The influence of biosolids on attaining energy neutrality at a wastewater treatment plant

Barber, WPF

AWA Water Journal, 2014


Wastewater, sludge and subsequent biosolids are large inherent energy sinks, and in most cases contain more energy than required to operate a treatment plant. The paper explores how this energy can be exploited to minimise plant demands. It finds that no one single measure can help achieve energy neutrality, rather a combination of processes.

The use of anaerobic digestion was found to reduce energy demands by over a third, and by 60% when combined with enhanced primary treatment. Energy neutrality was potentially achievable by combining these processes with further energy recovery downstream via burning as a cake. However, this study highlighted the poor energy extraction capability of anaerobic digestion when considered in a plant-wide envelope.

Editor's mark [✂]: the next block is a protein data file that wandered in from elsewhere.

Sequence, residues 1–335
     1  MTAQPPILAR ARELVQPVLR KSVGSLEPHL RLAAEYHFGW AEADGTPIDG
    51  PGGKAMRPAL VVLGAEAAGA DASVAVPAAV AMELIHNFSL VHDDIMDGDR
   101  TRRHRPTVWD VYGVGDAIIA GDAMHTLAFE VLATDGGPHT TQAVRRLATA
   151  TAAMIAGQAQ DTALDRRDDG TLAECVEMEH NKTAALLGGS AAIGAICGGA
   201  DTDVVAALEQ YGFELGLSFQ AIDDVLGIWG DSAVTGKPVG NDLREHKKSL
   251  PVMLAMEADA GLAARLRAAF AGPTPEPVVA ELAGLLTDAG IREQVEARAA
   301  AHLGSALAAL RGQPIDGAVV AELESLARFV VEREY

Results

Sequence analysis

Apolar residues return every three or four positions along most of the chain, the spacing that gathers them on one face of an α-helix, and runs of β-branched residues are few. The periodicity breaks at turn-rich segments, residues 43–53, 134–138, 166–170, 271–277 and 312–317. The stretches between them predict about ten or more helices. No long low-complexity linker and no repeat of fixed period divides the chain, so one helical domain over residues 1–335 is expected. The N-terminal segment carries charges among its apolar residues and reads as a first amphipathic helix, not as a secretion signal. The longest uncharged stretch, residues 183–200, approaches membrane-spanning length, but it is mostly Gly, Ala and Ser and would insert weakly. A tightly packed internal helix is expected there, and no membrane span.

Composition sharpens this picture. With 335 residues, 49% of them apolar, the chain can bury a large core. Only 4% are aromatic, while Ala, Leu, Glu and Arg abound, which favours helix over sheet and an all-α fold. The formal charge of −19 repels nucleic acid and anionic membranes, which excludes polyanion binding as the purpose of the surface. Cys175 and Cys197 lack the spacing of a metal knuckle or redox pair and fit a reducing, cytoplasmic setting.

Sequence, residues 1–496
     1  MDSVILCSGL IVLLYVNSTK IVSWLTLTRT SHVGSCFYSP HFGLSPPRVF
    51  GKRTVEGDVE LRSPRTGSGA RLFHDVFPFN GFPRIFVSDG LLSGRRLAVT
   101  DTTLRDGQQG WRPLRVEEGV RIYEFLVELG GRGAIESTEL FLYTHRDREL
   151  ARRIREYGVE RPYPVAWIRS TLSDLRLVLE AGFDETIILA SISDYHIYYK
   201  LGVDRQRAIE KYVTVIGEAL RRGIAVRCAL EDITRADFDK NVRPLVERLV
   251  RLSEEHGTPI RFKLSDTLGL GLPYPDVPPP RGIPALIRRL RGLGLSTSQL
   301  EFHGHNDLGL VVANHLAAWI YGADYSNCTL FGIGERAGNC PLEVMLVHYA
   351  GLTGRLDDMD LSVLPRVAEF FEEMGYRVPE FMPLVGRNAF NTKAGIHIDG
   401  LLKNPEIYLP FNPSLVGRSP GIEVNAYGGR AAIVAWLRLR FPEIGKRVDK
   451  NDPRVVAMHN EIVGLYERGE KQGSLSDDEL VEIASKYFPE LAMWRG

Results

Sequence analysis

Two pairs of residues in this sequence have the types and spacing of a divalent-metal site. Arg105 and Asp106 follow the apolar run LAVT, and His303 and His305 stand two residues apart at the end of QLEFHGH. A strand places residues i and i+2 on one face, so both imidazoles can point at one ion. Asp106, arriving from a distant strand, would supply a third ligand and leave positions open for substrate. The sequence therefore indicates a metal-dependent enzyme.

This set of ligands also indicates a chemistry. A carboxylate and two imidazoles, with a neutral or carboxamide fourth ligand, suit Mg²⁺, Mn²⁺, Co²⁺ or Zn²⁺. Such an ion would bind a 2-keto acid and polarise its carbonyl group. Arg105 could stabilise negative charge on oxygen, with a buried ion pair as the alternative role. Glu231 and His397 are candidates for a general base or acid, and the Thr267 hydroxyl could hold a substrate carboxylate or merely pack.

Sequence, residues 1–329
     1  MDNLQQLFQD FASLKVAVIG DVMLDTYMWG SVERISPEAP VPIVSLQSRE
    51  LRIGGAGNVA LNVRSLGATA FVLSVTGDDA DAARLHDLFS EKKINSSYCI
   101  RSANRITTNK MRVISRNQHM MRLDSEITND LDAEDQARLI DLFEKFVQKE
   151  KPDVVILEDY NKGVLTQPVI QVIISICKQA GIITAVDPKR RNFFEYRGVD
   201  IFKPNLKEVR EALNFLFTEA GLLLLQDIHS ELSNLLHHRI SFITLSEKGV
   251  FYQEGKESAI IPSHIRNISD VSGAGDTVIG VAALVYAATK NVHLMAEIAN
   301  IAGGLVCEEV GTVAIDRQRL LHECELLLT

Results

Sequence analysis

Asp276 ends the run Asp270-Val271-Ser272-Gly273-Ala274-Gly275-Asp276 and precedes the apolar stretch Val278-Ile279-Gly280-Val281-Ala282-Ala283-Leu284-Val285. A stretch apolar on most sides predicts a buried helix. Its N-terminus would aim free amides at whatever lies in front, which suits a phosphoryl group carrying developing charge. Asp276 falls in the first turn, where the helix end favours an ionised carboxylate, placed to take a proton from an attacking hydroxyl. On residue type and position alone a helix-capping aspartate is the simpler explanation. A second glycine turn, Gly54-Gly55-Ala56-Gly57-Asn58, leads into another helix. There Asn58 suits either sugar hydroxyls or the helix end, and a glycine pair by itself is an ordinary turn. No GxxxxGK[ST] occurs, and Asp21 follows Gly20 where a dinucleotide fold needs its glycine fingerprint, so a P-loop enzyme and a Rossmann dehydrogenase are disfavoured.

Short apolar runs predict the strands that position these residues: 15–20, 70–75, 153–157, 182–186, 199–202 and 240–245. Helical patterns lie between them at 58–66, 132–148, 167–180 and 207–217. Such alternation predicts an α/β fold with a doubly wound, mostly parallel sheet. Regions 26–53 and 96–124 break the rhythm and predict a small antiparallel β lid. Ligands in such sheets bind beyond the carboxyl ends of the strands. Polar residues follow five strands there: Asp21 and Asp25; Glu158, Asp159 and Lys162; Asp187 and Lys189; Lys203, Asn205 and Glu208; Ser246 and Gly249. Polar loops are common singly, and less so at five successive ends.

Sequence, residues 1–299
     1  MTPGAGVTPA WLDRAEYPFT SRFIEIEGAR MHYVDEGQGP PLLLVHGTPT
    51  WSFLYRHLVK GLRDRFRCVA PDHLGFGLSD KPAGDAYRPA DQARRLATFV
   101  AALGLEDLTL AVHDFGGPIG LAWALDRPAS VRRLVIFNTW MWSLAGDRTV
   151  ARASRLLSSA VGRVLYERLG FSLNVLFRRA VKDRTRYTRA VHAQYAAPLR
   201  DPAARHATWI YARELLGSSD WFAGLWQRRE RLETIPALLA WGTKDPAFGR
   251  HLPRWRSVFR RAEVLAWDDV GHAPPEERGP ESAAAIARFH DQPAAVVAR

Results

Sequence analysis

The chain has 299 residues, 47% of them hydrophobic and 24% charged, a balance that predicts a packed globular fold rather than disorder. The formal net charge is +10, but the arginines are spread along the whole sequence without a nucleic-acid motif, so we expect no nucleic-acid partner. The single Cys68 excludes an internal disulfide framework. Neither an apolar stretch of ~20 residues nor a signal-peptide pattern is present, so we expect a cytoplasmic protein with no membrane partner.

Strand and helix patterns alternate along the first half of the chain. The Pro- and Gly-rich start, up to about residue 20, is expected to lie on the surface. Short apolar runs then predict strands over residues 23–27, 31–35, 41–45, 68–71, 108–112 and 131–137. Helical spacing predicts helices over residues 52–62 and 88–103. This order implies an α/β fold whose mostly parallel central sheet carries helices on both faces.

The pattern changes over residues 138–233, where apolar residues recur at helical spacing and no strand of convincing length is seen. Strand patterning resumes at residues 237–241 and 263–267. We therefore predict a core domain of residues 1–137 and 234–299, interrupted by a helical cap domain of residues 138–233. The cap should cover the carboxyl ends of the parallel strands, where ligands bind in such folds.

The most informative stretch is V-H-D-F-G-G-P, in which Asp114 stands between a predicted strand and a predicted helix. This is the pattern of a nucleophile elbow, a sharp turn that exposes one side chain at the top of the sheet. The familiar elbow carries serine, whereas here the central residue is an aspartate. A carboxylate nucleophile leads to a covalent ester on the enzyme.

Read the full article in the Water Journal, Australian Water Association.



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